What benefits does our university (or organization) get from an academic
2. How is use limited to people from our university?
3. Do users still need to first log on to their own individual account before using the corpora?
4. How do you count the number of distinct users for a license?
1. There are three main advantages
of having an academic license.
-- Each user will have more queries per day -- 200 for students (compared to the normal limit of 50) and 400 for faculty (compared to the normal limit of 200).
-- Users will not see the messages that appear every 10-15 queries, asking them to contribute.
-- Most importantly, the normal daily limit of queries (250) for a class or department is waived, so that the corpora can be used as a integral part of classroom activities.
2. There are two ways to limit use
to people from your university.
You can use either or both of these methods.
-- The preferred method is by IP address. You can specify blocks of IP addresses (e.g. 123.45.*.* or 22.214.171.124-126.96.36.199) for on-campus users from your university, and you can also enter the IP address for your proxy server(s), for off-campus access.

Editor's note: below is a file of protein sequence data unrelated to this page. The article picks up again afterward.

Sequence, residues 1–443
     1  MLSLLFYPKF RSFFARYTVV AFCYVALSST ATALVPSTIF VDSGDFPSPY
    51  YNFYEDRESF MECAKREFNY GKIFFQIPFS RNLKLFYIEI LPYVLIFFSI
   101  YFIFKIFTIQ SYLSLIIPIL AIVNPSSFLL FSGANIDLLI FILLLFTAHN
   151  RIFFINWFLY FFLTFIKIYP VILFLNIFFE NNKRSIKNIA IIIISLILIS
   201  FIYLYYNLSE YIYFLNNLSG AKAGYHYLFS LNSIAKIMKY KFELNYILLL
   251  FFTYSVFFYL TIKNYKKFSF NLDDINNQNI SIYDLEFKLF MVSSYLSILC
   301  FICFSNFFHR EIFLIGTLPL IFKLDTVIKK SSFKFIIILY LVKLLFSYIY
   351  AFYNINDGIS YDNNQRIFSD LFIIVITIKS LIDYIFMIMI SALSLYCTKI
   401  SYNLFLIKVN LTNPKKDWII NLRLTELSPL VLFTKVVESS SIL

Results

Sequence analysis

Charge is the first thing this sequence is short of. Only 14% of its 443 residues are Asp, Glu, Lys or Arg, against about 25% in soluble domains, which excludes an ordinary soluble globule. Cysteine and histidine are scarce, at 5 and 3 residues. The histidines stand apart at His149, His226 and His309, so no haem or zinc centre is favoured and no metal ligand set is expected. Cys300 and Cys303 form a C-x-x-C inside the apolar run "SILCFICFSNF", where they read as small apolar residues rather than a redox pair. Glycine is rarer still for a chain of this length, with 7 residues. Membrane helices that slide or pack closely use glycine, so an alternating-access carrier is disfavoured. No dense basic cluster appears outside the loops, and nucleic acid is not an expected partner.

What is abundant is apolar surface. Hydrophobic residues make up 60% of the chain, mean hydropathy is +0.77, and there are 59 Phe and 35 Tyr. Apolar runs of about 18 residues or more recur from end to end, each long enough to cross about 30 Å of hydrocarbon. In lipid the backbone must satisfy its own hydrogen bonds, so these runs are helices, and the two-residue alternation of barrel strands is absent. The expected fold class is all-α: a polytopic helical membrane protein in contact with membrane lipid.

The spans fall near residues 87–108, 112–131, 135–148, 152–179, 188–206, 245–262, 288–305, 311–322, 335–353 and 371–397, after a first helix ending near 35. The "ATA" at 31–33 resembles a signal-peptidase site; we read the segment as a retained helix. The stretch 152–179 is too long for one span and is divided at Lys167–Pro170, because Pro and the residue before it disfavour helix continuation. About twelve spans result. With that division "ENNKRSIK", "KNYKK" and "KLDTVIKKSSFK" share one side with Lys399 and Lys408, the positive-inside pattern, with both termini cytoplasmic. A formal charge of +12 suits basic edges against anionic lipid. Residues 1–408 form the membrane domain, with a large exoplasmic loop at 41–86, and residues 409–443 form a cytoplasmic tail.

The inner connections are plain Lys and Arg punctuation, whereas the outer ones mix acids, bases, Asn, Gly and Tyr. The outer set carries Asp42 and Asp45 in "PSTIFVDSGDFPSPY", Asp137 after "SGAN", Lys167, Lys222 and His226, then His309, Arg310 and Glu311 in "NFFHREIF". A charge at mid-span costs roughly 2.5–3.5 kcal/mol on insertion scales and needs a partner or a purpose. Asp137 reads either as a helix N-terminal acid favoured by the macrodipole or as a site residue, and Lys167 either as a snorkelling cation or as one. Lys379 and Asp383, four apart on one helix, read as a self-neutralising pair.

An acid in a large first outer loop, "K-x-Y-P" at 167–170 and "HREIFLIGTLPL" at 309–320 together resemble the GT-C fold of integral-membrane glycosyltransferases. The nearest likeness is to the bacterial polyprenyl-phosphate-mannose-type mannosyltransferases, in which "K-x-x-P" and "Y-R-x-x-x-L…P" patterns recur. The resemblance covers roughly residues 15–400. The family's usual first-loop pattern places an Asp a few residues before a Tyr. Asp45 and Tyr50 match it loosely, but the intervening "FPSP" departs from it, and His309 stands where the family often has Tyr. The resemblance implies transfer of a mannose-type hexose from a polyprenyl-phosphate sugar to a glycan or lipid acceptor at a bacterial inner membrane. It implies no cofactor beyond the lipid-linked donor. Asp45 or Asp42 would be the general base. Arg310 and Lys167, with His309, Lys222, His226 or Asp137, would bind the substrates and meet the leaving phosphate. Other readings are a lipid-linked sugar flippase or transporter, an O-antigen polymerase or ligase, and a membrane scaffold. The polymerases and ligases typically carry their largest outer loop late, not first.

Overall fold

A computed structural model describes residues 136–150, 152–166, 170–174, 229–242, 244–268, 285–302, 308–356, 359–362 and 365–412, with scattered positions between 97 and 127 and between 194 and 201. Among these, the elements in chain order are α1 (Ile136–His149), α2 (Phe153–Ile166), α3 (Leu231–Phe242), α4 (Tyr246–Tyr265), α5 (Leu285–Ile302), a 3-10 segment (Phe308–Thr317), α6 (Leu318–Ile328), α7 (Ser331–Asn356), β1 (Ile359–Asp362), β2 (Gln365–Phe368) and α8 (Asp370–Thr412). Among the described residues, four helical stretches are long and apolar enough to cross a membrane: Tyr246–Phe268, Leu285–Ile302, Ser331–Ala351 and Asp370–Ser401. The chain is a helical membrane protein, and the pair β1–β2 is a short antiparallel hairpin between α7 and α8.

-- The second method is by password. You specify a password for all users from your university, and after logging in with their own individual account, they enter the name of the university and the "group" password (just once, and then it remembers this for all future visits).
3. Yes, users need to first log on to their own individual account (this account is free and takes just 30-40 seconds to set up). The main reason for this is that we need to know how many users are coming from each university, and the only way to determine this is by having people log in with their own individual account. If they are using IP-based access, there is nothing that they themselves need to do after logging on to their individual account. If they are using the "group password" method, they will need to enter that information (just once; more information).
Universities can obtain a
license for 30 users, or an unlimited number of users.
-- For IP-based logins, it it is the total number of distinct users from the specified IP addresses in during the period of the license.
-- For password-based logins, it is the total number of distinct users who have "joined" the license via a password, who log in during the period of the license.
Example: suppose you have a 30 person license that goes from September 1 through the following August 31. Suppose also that 21 students join the license in September, for a class that runs from September to December. Because 21 of the 30 licenses have already been "used", only 9 more are available for January - August. So if you have another class from January - April with 18 students, you wouldn't have enough licenses for that class. The bottom line is that it's probably best to err on the side of caution (i.e. get a license for an unlimited number of users, rather than just 30 users) so that you don't run out of licenses.